practice coffee book

Practice: it’s what makes us good musicians! It is also the number one thing most musicians complain about online! Why is this? Well, because practice takes discipline, and that’s hard sometimes. Here’s how to make practice easier.

Make it a habit. Every semester, I choose a time every day of the week to practice. Hopefully, it’s close to the same time every day, but no matter what, I set aside an hour to go to the practice room. By the third week of classes, going straight to the practice room between, say, history and choir is a habit, and I don’t have to convince myself to do it. It’s just what I do.

This means that you have to stick with the habit when you’re forming it! No wandering off to Taco Bell or the music lounge during your dedicated time. There will be time for those things later, once you’ve made practice easier.

Set tiny goals for each practice session. Something that sucks about practice is that it takes time for you to improve noticeably. This can be discouraging in the best of circumstances. To counteract this, set tiny goals during each session, like “playing X phrase 5 bpm fast,” or “memorizing bars 18-24.” Work on other things too! However, by achieving one small goal, you’ll have something to ward off frustration regarding other issues you face. It makes the sometimes endless-feeling monotony of the practice room less irritating.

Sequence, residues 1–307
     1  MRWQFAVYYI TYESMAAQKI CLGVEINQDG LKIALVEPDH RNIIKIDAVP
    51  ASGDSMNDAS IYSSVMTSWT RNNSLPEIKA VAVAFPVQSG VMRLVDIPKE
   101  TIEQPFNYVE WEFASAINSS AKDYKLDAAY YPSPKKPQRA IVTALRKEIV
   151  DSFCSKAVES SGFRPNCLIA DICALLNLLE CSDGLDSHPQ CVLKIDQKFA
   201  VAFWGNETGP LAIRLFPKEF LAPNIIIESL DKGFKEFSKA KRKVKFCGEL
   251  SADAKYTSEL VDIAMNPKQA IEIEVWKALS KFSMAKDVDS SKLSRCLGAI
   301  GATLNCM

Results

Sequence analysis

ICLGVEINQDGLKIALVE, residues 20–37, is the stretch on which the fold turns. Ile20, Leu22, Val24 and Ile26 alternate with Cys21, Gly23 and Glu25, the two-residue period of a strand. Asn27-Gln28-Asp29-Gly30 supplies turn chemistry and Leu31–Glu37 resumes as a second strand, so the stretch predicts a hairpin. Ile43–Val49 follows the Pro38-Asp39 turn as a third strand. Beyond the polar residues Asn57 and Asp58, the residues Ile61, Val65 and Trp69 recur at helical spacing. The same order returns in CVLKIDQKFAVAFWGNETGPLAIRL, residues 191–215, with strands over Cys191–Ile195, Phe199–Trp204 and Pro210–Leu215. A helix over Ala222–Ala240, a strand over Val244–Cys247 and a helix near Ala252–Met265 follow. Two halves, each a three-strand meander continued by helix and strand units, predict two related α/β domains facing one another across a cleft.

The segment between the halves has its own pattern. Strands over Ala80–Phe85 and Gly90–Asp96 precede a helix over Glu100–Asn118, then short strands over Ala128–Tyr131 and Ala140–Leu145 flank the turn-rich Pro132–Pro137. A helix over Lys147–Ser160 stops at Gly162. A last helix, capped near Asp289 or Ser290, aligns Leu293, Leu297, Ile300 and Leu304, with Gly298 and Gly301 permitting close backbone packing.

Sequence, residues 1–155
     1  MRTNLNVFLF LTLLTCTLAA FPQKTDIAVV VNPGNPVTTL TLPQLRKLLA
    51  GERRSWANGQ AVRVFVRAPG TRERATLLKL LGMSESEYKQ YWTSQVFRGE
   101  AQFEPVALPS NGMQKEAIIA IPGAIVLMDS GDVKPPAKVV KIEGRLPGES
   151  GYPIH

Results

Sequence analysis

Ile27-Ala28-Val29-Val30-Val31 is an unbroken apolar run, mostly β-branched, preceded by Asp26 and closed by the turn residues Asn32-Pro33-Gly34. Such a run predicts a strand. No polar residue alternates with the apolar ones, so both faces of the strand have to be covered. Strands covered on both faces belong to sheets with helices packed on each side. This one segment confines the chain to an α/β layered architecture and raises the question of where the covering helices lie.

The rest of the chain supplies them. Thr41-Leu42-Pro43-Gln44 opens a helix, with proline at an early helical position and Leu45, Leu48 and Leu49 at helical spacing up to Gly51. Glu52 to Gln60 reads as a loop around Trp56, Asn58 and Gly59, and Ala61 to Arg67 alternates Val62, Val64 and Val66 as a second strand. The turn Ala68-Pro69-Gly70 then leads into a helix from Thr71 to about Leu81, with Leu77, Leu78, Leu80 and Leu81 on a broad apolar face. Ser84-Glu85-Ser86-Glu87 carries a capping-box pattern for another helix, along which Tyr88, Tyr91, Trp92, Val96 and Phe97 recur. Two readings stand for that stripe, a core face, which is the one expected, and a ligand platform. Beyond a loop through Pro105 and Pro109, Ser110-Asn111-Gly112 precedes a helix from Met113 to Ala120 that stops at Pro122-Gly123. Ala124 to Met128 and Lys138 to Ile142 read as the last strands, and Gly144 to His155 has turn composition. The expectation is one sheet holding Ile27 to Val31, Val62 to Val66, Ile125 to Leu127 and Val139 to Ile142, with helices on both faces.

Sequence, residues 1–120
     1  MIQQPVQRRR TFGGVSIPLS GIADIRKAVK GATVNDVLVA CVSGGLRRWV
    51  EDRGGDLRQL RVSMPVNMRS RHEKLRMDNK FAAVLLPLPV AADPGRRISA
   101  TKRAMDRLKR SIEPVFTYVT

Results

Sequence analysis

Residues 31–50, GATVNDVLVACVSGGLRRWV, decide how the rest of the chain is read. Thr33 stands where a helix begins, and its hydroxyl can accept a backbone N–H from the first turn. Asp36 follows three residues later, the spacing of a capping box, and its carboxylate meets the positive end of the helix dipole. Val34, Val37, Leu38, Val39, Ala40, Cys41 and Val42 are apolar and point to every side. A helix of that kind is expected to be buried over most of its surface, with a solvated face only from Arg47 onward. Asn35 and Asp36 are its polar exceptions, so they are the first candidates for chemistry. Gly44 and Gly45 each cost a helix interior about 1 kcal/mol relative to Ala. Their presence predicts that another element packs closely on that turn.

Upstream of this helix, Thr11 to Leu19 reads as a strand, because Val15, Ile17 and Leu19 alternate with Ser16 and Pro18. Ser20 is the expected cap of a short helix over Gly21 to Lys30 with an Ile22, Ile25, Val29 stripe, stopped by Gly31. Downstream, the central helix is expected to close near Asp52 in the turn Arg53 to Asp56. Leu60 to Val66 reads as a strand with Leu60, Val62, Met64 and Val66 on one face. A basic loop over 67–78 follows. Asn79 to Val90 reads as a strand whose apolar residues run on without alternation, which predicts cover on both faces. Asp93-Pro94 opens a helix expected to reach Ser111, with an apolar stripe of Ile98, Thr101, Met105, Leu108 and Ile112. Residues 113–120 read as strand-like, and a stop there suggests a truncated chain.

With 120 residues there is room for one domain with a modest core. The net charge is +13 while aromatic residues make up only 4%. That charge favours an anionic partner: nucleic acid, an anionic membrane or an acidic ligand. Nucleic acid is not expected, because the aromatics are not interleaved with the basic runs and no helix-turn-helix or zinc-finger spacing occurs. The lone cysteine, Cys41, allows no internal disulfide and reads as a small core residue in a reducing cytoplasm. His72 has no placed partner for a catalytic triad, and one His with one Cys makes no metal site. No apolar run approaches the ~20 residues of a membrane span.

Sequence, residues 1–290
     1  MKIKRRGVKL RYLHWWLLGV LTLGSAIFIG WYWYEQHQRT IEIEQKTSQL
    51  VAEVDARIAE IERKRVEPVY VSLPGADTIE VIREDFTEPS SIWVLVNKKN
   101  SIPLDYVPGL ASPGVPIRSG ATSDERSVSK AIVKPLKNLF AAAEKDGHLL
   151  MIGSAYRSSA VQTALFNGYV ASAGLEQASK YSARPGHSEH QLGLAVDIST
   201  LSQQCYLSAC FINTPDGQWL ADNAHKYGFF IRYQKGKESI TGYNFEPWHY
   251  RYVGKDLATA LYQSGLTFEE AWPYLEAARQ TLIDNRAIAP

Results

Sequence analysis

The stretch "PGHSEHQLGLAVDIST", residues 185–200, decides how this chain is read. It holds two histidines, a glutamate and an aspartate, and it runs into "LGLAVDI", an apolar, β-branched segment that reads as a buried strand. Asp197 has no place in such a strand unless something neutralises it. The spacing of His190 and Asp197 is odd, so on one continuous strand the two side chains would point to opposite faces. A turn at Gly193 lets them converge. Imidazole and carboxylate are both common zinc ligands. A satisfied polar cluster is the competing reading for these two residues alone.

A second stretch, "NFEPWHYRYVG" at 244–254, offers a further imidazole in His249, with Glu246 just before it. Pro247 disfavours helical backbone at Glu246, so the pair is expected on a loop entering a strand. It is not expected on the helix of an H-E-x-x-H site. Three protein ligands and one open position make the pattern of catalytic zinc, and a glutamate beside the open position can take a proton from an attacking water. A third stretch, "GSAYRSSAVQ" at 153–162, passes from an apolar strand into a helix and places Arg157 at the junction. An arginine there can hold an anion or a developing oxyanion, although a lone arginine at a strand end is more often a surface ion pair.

Stop when you can’t focus. If you really just can’t get anything done, then be done. There’s no point in banging your head against a wall. If you force yourself to practice when you’re feeling exhausted, you’re just stressing yourself out for minimum improvement. It’s better to have 45 minutes of productive practice than two hours staring angrily at a page. Come back to it later – it will be okay.

Do silent practice. I call this tablework. Use colored pencils to highlight every dynamic and direction in the piece. Tap out rhythms without your instrument. Research the piece. Listen to a couple people perform it while studying the music (steal their inflections if you like them!). Translate foreign languages, or recite lyrics as you’d speak them. Anything other than practicing the music itself is fair game. It’s important to mix stuff up from time to time. Tablework helps us keep a wide variety of emotional and intellectual tools available to us in our performance. That’s just as important as playing the right notes!

Practice can feel tedious, but it’s important. Be kind to yourself, and be reasonably disciplined, and you’ll get much further than by martyring yourself for your instrument. I promise it will make your practice easier. You got this!

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